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Upton Grey parish church

St Mary's Church

Upton Grey is a small rural parish covering over 2,500 acres of mostly arable land in the chalk downland of north east Hampshire. It has 27 listed buildings, ranging from mediaeval to 18th century. In Saxon times the village of Upton Grey was two separate manors:- Aoltone (now Upton), the Grey being added in the 13th century when the manor was acquired by the de Grey family, and Odingetone (now Hoddington). The population in 1086 was about 175 in 34 dwellings and is now over 600 in some 200 dwellings.
The Saxon church mentioned in the Domesday Book in 1086 was replaced in about 1120 in the reign of Henry 1, a son of William the Conqueror. Soon after 1200, in the reign of King John, a new chancel was added and a tower was built where the old chancel had been. A small piece of almost unreadable text has been preserved on the west wall of the tower. The lettering is English from circa 1340, which makes it extremely early for an English language text. The full wording was most likely to have been “For God’s love beware by me” and to have accompanied a purgatorial or memento mori scene. The Hoddington Aisle was built in 1715 for John Limbrey, Lord of the Hoddington Manor.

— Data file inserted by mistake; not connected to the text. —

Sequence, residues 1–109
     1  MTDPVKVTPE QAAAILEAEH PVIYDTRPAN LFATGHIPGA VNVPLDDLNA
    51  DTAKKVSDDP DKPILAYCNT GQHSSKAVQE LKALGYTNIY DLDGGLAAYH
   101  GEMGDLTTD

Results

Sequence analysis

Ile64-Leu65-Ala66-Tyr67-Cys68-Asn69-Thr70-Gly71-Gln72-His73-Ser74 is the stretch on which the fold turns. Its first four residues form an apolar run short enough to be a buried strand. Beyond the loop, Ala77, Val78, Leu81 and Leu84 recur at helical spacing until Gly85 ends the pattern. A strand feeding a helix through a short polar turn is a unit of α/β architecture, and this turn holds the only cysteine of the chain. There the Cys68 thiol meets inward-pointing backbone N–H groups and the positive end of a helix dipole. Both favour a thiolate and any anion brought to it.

During the Civil War, the churchwardens and parishioners of Upton Grey signed a certificate to the effect that most of them had suffered loss by the “spoyling of moundes” around the churchyard, and that the mounds of the church and parsonage had also suffered. This damage was caused by the soldiers quartered in the village for 12 days and nights, during the siege of Basing House.



Content derived during research for new VCH Hampshire volume, Old Basing, Steventon and surrounding parishes

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Plantagenet (1154-1485)
21st Century (2000- )